§ MR. BROOKE ROBINSON (Dudley)
To ask the Secretary of State for the Home Department whether the Home Office propose to do anything to remove the disabilities attaching to persons who have lately without their consent been sentenced by magistrates to be placed on a so-called black list, some being also committed to an inebriates' home, having regard to the fact that such sentences the High Court, in the case of the Commissioner of Police v. Donovan, has decided to have been illegal.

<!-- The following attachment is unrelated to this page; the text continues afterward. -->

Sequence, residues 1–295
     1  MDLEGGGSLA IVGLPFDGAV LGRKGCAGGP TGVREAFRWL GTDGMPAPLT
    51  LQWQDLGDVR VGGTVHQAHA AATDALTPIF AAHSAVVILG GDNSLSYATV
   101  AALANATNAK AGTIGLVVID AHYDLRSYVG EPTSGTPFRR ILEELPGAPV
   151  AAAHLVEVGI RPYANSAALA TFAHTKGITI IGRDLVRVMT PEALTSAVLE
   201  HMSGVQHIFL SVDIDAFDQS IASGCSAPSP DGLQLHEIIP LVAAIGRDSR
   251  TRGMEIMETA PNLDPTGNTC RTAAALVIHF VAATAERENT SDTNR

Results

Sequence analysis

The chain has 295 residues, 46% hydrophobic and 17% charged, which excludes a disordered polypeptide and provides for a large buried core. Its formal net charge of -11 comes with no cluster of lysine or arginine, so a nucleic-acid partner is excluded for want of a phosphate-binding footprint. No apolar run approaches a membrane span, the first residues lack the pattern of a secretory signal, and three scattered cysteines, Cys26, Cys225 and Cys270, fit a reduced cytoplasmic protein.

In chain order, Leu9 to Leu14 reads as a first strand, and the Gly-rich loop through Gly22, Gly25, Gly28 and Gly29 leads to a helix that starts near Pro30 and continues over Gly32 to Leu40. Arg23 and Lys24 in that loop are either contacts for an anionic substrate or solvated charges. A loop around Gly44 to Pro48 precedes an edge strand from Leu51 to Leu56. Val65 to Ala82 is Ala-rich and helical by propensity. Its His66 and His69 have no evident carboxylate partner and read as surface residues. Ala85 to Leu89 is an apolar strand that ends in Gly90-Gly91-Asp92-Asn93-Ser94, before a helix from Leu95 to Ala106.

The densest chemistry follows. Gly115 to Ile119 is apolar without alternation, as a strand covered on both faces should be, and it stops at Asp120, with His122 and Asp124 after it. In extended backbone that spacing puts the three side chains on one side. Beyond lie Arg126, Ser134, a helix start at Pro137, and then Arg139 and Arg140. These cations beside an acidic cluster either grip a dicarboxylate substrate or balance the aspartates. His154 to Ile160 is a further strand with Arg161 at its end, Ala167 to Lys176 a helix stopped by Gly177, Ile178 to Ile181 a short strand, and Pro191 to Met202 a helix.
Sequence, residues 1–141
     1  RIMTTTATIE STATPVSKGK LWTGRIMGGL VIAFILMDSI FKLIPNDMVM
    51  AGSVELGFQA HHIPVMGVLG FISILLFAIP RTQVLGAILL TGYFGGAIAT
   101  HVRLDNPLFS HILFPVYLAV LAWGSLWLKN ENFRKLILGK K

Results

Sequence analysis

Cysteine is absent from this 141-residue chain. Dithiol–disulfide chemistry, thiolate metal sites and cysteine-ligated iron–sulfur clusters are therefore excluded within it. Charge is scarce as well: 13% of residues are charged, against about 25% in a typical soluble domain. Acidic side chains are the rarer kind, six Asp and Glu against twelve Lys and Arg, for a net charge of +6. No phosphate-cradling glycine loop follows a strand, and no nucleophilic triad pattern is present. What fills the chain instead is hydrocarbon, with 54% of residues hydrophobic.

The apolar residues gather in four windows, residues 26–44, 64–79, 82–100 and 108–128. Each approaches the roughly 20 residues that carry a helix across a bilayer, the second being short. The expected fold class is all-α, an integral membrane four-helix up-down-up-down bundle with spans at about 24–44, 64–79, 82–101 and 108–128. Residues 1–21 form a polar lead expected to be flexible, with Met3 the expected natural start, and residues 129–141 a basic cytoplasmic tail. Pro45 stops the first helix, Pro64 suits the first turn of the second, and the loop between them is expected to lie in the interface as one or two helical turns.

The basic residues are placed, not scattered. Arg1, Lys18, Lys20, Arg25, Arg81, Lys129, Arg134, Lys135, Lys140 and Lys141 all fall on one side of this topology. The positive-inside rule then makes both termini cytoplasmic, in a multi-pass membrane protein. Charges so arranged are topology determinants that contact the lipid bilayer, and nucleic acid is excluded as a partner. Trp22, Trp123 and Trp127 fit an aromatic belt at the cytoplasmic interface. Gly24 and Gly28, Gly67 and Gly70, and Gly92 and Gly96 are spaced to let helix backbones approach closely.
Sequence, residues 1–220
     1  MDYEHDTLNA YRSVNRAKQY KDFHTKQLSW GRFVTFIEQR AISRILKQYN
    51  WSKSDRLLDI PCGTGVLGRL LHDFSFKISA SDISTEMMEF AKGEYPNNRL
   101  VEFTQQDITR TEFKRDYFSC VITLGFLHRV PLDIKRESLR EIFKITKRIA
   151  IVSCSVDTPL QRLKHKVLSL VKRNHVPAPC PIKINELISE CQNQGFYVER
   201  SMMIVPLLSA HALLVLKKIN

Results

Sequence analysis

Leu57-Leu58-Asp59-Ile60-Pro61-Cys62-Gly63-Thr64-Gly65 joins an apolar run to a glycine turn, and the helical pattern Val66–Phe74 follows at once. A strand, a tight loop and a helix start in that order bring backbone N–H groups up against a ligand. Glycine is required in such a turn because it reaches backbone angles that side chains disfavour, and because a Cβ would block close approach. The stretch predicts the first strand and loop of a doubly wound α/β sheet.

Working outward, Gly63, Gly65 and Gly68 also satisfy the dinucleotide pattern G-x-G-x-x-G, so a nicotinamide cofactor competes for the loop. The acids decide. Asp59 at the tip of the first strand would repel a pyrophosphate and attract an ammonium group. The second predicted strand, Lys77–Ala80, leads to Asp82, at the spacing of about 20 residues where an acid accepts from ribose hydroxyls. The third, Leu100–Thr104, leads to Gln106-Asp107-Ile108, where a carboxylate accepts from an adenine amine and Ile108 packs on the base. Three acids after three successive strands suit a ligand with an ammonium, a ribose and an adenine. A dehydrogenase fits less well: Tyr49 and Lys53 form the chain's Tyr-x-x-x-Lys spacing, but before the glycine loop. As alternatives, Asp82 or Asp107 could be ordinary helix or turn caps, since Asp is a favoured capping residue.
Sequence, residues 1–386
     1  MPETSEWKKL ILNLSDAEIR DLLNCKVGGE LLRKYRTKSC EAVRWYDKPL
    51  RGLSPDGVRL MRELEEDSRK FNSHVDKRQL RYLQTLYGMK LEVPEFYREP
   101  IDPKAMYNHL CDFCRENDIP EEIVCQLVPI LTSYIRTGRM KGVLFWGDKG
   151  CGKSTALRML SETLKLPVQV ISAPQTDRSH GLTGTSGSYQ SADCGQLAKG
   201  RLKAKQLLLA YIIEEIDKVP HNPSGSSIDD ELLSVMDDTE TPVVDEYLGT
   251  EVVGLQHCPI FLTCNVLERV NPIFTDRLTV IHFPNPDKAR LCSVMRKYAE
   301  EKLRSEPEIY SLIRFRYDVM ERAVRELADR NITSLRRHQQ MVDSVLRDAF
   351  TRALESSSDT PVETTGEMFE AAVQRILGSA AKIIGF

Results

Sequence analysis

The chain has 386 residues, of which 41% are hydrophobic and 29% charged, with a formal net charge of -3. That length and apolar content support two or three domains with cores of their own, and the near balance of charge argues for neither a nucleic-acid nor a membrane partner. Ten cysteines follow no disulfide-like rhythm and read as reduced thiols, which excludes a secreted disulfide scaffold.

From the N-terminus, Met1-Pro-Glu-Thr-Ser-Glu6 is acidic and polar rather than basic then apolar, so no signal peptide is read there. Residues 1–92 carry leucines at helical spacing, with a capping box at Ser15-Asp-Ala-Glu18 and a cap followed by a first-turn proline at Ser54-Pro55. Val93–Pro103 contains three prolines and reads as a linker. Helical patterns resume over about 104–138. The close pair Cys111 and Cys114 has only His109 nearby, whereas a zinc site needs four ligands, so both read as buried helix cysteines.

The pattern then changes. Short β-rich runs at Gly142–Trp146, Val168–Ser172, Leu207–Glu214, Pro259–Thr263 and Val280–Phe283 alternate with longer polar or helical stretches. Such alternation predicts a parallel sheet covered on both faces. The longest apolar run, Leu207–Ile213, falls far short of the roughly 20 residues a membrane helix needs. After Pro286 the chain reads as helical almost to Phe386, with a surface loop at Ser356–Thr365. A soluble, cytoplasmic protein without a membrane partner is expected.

(Answered by Mr. Secretary Akers Douglas.) There seems to be some misunderstanding as to the effect of the decision referred to. The High Court decided that in order that an inebriate may be dealt with summarily it is necessary that he should consent to the jurisdiction of the magistrate. If he did not so consent the magistrate would be obliged to commit him for trial, when an order under Section 6 of the Licensing Act, 1902, or under the Inebriates Act, 1898, could be made upon the prisoner's conviction by a jury. The consent is not necessary in regard to the actual making of any such order. There appears to be no action for me to take in the matter.